GREEN BAY – Green Bay Water Utility wants customers to know–if you’re in an older section of town, you’re at risk for lead contamination.
“Our source water, which is Lake Michigan, and our filter plant, do not have any lead in the water. So, it’s only in the home plumbing and the service lines that the lead is coming into the homes,” said Nancy Quirk, the general manager of the Green Bay Water Utility.
If consumed, lead can cause delayed mental and physical development in children.
The possible contamination is limited to around 1900 homes. That’s only six percent of the city.
Quirk says the city has done its part to start replacing pipes with lead like this one. It’s also flushing hydrants to get rid of lead sediment.
“It’s basically increasing the speed at which the water’s going through the pipe which basically scours the pipe,” said Quirk.
Green Bay Water Utility says homeowners who live in a home built before the 1940s to run their water for at least two minutes every morning.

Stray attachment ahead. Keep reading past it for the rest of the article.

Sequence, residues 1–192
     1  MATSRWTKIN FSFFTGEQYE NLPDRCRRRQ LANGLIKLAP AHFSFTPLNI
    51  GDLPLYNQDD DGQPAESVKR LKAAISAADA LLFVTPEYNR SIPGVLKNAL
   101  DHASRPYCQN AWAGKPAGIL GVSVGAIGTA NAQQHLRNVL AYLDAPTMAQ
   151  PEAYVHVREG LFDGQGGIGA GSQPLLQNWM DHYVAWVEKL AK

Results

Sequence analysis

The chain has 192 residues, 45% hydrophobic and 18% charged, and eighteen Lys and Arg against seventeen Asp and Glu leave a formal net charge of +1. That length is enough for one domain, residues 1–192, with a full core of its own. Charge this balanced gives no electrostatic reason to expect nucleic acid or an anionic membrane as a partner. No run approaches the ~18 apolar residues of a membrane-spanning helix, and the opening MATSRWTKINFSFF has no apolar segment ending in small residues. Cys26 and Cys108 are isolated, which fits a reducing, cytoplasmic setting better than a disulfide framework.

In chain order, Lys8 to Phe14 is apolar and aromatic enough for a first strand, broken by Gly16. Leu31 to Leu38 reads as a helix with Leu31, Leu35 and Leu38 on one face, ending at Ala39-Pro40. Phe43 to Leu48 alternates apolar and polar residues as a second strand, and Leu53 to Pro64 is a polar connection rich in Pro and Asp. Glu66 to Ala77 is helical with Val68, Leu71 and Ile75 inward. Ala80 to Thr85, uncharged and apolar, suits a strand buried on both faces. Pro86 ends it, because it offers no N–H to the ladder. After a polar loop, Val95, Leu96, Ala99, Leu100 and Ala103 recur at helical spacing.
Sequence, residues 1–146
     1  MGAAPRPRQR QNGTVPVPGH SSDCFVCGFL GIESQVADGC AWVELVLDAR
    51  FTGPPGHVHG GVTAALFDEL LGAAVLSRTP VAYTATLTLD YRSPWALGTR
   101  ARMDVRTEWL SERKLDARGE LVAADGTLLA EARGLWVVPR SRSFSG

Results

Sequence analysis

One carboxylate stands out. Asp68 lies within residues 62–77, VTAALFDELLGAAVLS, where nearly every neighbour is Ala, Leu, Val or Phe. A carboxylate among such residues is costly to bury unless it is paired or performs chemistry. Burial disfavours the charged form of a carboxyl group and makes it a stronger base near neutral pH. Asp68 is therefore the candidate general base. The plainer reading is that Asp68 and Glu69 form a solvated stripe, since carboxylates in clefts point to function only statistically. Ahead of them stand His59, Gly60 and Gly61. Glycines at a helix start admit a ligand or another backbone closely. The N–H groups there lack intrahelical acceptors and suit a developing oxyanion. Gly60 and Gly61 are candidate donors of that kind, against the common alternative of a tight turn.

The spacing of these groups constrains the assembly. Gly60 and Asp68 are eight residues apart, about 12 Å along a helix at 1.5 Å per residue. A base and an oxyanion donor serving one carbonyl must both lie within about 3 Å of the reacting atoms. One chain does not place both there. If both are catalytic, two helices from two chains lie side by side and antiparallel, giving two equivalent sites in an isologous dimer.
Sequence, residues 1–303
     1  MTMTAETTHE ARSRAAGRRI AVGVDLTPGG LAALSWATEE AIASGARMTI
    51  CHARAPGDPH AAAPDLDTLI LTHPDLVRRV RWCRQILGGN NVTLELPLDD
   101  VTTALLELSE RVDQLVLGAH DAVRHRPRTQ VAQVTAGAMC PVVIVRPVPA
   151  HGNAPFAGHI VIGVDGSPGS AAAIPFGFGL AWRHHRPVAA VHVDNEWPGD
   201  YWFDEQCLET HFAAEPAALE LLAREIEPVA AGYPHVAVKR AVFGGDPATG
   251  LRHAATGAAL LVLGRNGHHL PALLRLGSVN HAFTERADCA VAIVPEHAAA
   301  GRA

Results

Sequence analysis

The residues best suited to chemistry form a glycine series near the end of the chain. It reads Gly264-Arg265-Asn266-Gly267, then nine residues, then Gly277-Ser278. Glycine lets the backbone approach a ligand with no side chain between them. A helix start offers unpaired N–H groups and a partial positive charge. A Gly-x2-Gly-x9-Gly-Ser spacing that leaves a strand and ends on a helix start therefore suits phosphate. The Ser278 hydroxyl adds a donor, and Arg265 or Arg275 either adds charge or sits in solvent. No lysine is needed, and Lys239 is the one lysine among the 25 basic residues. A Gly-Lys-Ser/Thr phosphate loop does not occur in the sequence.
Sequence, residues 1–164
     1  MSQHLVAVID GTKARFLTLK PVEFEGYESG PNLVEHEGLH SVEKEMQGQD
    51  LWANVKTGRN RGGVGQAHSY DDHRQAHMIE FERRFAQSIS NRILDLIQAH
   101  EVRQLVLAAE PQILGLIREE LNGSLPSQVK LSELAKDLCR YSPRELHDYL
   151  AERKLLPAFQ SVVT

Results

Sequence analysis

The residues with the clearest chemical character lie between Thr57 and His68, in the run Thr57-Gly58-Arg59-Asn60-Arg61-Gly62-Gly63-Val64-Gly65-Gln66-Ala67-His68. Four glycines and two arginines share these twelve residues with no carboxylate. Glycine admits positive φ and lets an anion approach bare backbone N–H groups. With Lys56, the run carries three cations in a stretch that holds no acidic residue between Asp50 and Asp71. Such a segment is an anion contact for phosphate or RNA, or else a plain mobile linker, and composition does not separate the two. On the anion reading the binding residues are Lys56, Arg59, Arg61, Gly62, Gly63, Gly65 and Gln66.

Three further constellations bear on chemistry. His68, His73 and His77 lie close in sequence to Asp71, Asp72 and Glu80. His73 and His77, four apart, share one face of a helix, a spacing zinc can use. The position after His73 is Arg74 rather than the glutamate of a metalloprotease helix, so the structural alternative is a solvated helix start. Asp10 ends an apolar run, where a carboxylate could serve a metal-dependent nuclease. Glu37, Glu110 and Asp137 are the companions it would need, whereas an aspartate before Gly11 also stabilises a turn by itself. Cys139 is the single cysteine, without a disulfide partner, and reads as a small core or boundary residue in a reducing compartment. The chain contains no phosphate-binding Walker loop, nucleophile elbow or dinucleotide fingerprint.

“There are cases where the water is sitting stagnant for more than six hours. There’s a chance that some lead may leach into the water,” said Quirk.
Contractors say it’s not totally necessary to remove the pipes on your property that might contain lead. The process can be costly.
“Every situation’s a little different, but it’s probably anywhere from 2000 to 10 thousand. It depends on where their valve is,” said Robert Foeller of Ramco Construction Services.
Homeowners on the east side said they have not been individually notified about lead issues.
“It does concern me. Obviously I don’t want any lead contamination for myself or my son,” said Matt Sherburne.
This homeowner says he isn’t planning on putting in new pipes. But he will check with the water utility to see if his home is affected.
To find out whether your home is among the nearly two thousand in danger of lead contamination will require a telephone call to the Green Bay Water Utility at 920-448-3480.
To find out how to get your water tested for lead, call the Green Bay Water Utility at (920) 448-3480 or visit gbwater.org.